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In the practice of medicine, virtually every clinician encounters patients with skin disease. Physicians of all specialties face the daily task of determining the nature and clinical implication of dermatologic disease. In patients with skin eruptions and rashes, the physician must confront the question of whether the cutaneous process is confined to the skin, representing a pure dermatologic event, or whether it is a manifestation of internal disease relating to the patient's overall medical condition. Evaluation and accurate diagnosis of skin lesions are also critical given the marked rise in both melanoma and nonmelanoma skin cancer. Dermatologic conditions can be classified and categorized in many different ways, and in this Atlas, a selected group of inflammatory skin eruptions and neoplastic conditions are grouped in the following manner: (A) common skin diseases and lesions, (B) nonmelanoma skin cancer, (C) melanoma and pigmented lesions, (D) infectious disease and the skin, (E) immunologically mediated skin disease, and (F) skin manifestations of internal disease.

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(Figs. e16-1, e16-2, e16-3, e16-4, e16-5, e16-6, e16-7, e16-8, e16-9, e16-10, e16-11, e16-12, e16-13, e16-14, e16-15, e16-16, e16-17, e16-18, and e16-19) In this section, several common inflammatory skin diseases and benign neoplastic and reactive lesions are presented. While most of these dermatoses usually present as a predominantly dermatologic process, underlying systemic associations may be made in some settings. Atopic dermatitis is often present in patients with an atopic diathesis, including asthma and sinusitis. Psoriasis ranges from limited patches on the elbows and knees to severe erythrodermic involvement and associated psoriatic arthritis. Some patients with alopecia areata may have an underlying thyroid abnormality requiring screening. Finally, even acne vulgaris, one of the most common inflammatory dermatoses, can be associated with a systemic process such as polycystic ovarian syndrome.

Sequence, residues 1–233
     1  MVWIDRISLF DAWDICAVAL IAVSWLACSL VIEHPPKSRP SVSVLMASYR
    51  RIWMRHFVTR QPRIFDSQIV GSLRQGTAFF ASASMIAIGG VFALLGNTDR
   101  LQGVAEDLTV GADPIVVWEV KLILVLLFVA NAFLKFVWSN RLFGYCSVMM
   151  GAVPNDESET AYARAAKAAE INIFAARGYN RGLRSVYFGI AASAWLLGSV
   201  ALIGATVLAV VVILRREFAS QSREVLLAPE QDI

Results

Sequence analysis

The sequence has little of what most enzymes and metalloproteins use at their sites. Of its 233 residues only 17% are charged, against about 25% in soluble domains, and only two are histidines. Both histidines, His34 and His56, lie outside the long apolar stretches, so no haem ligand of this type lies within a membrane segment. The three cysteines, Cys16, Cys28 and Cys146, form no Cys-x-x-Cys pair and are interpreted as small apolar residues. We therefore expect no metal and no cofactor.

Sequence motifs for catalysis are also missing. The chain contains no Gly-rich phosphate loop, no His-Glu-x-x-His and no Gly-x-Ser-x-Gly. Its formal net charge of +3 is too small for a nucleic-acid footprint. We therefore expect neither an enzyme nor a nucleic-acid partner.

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Figure e16-1
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Acne vulgaris with inflammatory papules, pustules, and comedones. (Courtesy of Kalman Watsky, MD; with permission.)

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Figure e16-2
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Acne rosacea with prominent facial erythema, telangiectasias, scattered papules, and small pustules. (Courtesy of Robert Swerlick, MD; with permission.)

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Figure e16-3
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Psoriasis is characterized by small and large erythematous plaques with adherent silvery scale.

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Figure e16-4
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Atopic dermatitis with hyperpigmentation, lichenification, and scaling in the antecubital fossae. (Courtesy of Robert Swerlick, MD; with permission.)

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Figure e16-5
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Dyshidrotic eczema, characterized by deep-seated vesicles and scaling on palms and lateral fingers, is often associated with an atopic diathesis.

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